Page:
Why We Should Invest in Secondary Education in Nepal

Girls in secondary school in Nepal.
Girls in secondary school in Nepal.

By Shanti Jagannathan

Human capital development is an important lever to support Nepal’s vision to graduate from the least developed country level by 2022.

The period of the Millennium Development Goals until 2015 focused strongly on universal primary education, whereas the newly adopted Sustainable Development Goals (SDGs) until 2030 expand the arena to include secondary education and lifelong learning opportunities. It is clear why this is so – most developing countries have now achieved near universal primary education, and need to ensure that students can complete school education and benefit from the social and economic benefits that arise from it.

In Nepal, a country where 37% of girls are married before the age of 18, support to secondary education will help girls complete the full school cycle and derive the array of socio-economic returns from it, such as delay in marriage, better health, greater economic empowerment, more jobs, higher productivity, and so on. As far back as 2002, a World Bank study suggested that one additional school year can increase a woman's earnings by 10% to 20%.

ADB last week approved a $120 million loan to the Government of Nepal’s School Sector Development Plan. But why is it more compelling for low-income countries like Nepal to invest in the full school education cycle? In a recent report, the International Commission on Financing Global Education Opportunity states that a dollar invested in an additional year of schooling, particularly for girls, generates earnings and health benefits of $10 in low-income countries, compared to nearly $4 in lower middle-income countries. Human capital development is an important lever to support Nepal’s vision to graduate from the least developed country level by 2022.

In addition to completing secondary education, it is equally crucial to ensure that the education gained is relevant for getting better jobs or access to higher education. The report cited in the above paragraph warns that by 2030 in low-income countries, under present trends only 1 out of 10 young people will be on track to gain basic secondary level skills. Increasingly, the need is for students to develop the ability to acquire new skills throughout life, with technical, social, and critical thinking skills. So it is more about learning to learn, rather than static learning. SDG 4 on education mentions lifelong learning. A 2012 UNESCO report stated that 20% of those who complete upper secondary education lack problem-solving skills, which  are the attributes employers of today and tomorrow seek. Keeping this in mind, the program supported by ADB will address ICT-enriched teaching and learning and interactive classrooms, where students will be able to develop the skills they need for tomorrow’s workforce.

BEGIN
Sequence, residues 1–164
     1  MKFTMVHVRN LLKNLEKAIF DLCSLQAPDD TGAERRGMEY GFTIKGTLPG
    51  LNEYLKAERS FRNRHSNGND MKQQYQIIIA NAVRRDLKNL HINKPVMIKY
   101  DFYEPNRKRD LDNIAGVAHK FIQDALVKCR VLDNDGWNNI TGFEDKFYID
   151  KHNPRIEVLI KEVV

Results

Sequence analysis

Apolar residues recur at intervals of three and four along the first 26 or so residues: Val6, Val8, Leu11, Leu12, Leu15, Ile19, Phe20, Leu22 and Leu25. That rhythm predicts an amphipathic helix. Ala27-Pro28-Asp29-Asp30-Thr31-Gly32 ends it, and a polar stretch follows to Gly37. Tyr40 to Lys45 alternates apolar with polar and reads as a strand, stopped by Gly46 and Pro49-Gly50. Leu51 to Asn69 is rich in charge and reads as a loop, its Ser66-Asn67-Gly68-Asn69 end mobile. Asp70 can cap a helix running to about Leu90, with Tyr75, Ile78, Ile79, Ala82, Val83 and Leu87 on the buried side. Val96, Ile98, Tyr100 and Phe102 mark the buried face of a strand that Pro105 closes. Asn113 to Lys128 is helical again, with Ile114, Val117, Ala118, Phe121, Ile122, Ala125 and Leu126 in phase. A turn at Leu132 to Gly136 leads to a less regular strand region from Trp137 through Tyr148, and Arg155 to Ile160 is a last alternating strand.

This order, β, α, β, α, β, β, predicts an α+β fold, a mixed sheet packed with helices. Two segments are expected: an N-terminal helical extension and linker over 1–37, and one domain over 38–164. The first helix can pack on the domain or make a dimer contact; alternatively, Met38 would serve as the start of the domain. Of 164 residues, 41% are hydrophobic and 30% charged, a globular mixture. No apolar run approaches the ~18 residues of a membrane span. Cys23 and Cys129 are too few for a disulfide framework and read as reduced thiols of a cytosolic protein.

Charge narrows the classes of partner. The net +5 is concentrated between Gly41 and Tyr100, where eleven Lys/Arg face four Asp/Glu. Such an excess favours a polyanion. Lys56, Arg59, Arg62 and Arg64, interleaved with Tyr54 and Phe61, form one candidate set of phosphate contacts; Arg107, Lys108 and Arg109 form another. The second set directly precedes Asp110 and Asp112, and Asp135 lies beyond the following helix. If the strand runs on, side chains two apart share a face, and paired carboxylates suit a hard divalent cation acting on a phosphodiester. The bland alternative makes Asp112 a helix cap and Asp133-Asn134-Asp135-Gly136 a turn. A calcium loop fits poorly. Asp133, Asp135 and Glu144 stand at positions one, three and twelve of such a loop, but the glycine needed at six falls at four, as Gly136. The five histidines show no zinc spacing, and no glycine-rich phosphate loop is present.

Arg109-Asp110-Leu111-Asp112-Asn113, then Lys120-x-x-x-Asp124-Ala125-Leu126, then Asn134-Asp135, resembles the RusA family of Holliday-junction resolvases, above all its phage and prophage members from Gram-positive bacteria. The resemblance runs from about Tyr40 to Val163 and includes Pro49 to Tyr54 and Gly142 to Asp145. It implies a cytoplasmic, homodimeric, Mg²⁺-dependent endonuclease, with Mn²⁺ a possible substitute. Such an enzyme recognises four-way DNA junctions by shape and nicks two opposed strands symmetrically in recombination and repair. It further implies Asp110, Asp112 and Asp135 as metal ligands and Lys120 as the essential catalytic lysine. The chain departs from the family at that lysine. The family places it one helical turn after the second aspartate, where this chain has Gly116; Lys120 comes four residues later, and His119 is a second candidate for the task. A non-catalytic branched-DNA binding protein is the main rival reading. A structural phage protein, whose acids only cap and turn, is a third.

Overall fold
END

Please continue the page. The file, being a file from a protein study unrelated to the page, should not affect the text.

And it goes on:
Another area that merits increasing emphasis is science, technology, engineering and math (STEM). In Nepal, only 2% of girls and 5% of boys enrolled in secondary education are studying science. The program aims to nearly triple the number of boys and girls enrolling in science subjects by 2022 by providing interactive science and math kits and targeted science scholarships in secondary education. Policy makers even in advanced countries are keen to enhance STEM education, as it is crucial for knowledge based economic growth and for nurturing innovation. According to an outlook by the US Bureau of Labor Statistics, the growth in jobs and wages in STEM disciplines by 2022 will be higher than the average overall growth in employment and salaries.

My dream is that senior secondary school girls in Nepal will take up science under this program so they become competitive enough for these jobs in the US and elsewhere globally, including in STEM occupations in their own country.